The Schipperke is a small, sturdy dog, square-proportioned, appearing to slope from shoulders to hindquarters. This appearance is helped by their double coat. Their fox-like face can appear questioning and mischievous, even impudent. Their trot is smooth and graceful. This is often an agile and active dog.
Curious and clever, the Schipperke dog breed is usually nicknamed LBD, for the small black devil. He’s fearless and devoted, always on guard to shield his family from harm. His small size and easy-care coat are attractive qualities, but his intelligence and curiosity can lead him into trouble.
Schipperke Dog Information:
|Other Names||Spitzke, Spits, Spitske|
|Breed Group||Companion Breeds (UKC)|
|Weight||12-18 pounds (5.5-8 kg)|
|Height||10-13 inches (21-33 cm)|
|Area of Origin||Belgium|
|Life Range||13-15 years|
Black & Tan
|Level of Energy||Very energetic|
|Overall Grooming||Low Maintenance|
Schipperke Dog History:
Schipperke means “little shepherd” in Flemish. A small, black sheepdog that was called Leuvenaar was probably the common ancestor of the Belgian sheepdog and also the Schipperke. Schipperkes are used as vermin catchers for several centuries. They became fashionable due to Queen Marie-Henriette of Belgium. Schipperkes do alright on boats, and other people often get this breed to come together with them on boating and fishing trips. It makes a great guard dog when the boat anchors for the night, alerting of anything out of the ordinary, and also the dog thoroughly enjoys its trip. The Schipperke was recognized by the AKC in 1904.
Schipperke Dog Photos:
About Schipperke Dog Health:
Schipperkes are generally healthy dogs, and reputable breeders screen their breeding stock for health concerns like luxating patellas (slipping kneecaps), Legg-Calve-Perthes disease (hip problems), eye problems, and thyroid problems. Breeders also can test for MPS IIIB, a newly recognized and fatal disease that sometimes shows up by 2-4 years aged as balance problems, and avoid producing the disease by identifying carriers and breeding them appropriately. Regular visits to the vet for checkups and parasite control help to make sure the dog features a long, healthy life.
- Major concerns: MPS IIIB
- Minor concerns: Legg-Perthes, epilepsy, hypothyroidism
- Occasionally seen: entropion, distichiasis, PRA, CHD
- Suggested tests: thyroid, DNA for MP IIIB, knee
Nutrition For Schipperke Dog:
The Schipperke should be fed a high-quality pet food appropriate to the dog’s age (puppy, adult, or senior) and activity level. the Study which human foods are safe for dogs, and which aren’t. Check with your vet or the dog’s breeder if you’ve got any questions or concerns about your dog’s weight or diet. Clean water should be available.
How to Take Care of Schipperke Dog:
The Schipperke is easy to care for and adaptable breed who should live indoors together with his family. During weather, which he doesn’t tolerate well, he enjoys lying ahead of a fan or beneath a ceiling fan. He generally does well altogether types of settings and families, as long as he gets lots of daily exercises and firm and consistent guidance from someone with a sense of humor.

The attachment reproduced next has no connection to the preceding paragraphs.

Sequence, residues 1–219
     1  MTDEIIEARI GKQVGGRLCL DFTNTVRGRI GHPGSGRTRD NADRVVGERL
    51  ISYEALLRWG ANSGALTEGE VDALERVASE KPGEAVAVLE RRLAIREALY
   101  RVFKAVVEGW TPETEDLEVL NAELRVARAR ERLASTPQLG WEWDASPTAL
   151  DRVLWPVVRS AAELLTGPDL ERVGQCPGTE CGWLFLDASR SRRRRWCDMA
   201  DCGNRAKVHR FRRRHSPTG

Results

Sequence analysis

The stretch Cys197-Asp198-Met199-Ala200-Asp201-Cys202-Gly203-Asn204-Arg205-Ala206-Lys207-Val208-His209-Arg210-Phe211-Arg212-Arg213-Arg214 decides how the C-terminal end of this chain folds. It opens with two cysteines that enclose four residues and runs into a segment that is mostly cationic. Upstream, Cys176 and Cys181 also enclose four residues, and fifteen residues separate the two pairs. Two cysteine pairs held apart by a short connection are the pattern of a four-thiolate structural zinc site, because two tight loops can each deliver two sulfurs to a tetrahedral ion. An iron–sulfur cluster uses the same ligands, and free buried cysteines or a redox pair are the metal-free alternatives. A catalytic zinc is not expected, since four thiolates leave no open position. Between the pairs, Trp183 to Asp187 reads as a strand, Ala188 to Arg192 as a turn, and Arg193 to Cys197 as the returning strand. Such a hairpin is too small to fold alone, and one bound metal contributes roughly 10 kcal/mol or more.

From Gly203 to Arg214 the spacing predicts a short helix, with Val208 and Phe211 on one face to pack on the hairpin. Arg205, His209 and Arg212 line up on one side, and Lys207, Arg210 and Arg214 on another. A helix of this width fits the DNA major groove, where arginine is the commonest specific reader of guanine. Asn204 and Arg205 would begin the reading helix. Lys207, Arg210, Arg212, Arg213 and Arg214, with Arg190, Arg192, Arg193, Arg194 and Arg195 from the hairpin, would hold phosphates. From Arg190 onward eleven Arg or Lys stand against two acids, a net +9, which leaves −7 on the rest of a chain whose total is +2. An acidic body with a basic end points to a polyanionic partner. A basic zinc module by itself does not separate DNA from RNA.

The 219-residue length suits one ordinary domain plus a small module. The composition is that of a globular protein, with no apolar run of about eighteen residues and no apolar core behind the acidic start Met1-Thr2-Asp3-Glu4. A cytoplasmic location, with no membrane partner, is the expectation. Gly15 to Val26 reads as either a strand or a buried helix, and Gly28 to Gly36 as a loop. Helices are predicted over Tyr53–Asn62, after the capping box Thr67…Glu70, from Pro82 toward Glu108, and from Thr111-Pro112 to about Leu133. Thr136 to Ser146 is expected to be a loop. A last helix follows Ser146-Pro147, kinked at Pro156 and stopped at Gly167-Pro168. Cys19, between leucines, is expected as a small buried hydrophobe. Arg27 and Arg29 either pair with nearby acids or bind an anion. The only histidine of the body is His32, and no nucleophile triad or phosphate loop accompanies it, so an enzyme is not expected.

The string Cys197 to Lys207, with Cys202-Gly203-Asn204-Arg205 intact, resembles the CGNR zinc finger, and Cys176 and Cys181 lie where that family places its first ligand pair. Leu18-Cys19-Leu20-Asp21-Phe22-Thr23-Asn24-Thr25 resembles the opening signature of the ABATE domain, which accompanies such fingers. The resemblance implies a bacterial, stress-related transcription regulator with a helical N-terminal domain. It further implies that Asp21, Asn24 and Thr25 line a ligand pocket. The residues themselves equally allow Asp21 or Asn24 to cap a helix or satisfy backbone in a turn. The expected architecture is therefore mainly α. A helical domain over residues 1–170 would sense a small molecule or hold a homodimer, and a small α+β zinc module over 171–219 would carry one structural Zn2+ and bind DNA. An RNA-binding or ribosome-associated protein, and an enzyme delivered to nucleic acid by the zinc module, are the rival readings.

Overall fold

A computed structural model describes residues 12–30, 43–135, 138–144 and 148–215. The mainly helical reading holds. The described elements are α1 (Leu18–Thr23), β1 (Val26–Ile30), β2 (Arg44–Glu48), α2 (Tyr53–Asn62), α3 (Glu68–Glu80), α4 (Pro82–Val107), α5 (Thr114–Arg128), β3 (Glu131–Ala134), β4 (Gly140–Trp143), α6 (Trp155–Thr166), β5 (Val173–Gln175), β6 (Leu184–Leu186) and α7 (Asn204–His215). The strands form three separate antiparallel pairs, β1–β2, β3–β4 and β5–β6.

With his high activity level, however, he could also be best suited to a home with a small but securely fenced yard where he can run off some of his energy. Remember that Schipperkes like to dig, especially if there could also be a mole at the end of the tunnel.
Schipperkes need a minimum of half an hour of exercise daily, and more is best. Their people are usually tired before they’re. They’re always running and playing and can use your house as a racetrack when the mood strikes. Walk them on the leash to stop a sudden dash toward an interesting animal or object.
The Schipperke is known for being stubborn. Although he’s intelligent and needs you to be happy, his idea of how things should be may outweigh any desire to please. Some Schipperkes are often difficult to housetrain, and crate-training is suggested.
Schipperke Grooming, Bathing & Coat:
This coat must be bathed as frequently as weekly up to not than every four weeks so as to keep this fearless and independent dog clean. The care and maintenance of the coat set the inspiration for obtaining healthy skin and coat. When the coat is dirty, the hair shaft becomes rough and eventually breaks down, which may cause the coat to become damaged. It can also contribute to the beginning formation of the cobweb matting that forms close to the skin. This type of matting, if left unattended, can cause the development of various skin issues. Therefore, keeping the coat clean and healthy is of utmost importance so as to take care of the dog properly.
Bathing a Schipperke is an acquired skill that takes patience and perseverance. After the coat is wet, apply the shampoo by squeezing it through the coat, ensuring you’ve got worked it all the way through the coat right down to the skin. Thorough shampooing will contribute to building a healthy, strong, and manageable coat. It’s a good idea to slightly cool the water temperature down when rinsing the coat. The coat should be rinsed thoroughly, ensuring that each one of the products has been removed. Use a light conditioner to nourish and hydrate each individual strand of hair. A heavy conditioner isn’t necessary unless the coat is severely damaged. Take care not to overuse the conditioner, so you are doing not change the natural coat texture. Once the bathtub is complete, blot the coat with a towel to get rid of excessive moisture. Try to avoid using a circular motion to avoid any longer tangling.